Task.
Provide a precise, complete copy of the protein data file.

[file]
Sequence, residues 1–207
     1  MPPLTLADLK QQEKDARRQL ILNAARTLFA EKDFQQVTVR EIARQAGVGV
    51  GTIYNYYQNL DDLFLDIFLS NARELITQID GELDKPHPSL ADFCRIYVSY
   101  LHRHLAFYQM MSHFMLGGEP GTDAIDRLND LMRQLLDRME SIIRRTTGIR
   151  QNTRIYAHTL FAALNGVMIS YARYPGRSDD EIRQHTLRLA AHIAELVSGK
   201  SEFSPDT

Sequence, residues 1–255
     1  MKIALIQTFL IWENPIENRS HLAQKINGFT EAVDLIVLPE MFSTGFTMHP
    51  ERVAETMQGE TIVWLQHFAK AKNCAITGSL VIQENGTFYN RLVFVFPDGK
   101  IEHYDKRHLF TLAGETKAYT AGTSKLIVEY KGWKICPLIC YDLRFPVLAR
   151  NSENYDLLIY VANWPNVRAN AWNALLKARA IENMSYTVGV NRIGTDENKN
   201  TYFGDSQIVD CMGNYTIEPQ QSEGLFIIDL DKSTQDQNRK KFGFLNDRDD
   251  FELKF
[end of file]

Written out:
Sequence, residues 1–207
     1  MPPLTLADLK QQEKDARRQL ILNAARTLFA EKDFQQVTVR EIARQAGVGV
    51  GTIYNYYQNL DDLFLDIFLS NARELITQID GELDKPHPSL ADFCRIYVSY
   101  LHRHLAFYQM MSHFMLGGEP GTDAIDRLND LMRQLLDRME SIIRRTTGIR
   151  QNTRIYAHTL FAALNGVMIS YARYPGRSDD EIRQHTLRLA AHIAELVSGK
   201  SEFSPDT

Sequence, residues 1–255
     1  MKIALIQTFL IWENPIENRS HLAQKINGFT EAVDLIVLPE MFSTGFTMHP
    51  ERVAETMQGE TIVWLQHFAK AKNCAITGSL VIQENGTFYN RLVFVFPDGK
   101  IEHYDKRHLF TLAGETKAYT AGTSKLIVEY KGWKICPLIC YDLRFPVLAR
   151  NSENYDLLIY VANWPNVRAN AWNALLKARA IENMSYTVGV NRIGTDENKN
   201  TYFGDSQIVD CMGNYTIEPQ QSEGLFIIDL DKSTQDQNRK KFGFLNDRDD
   251  FELKF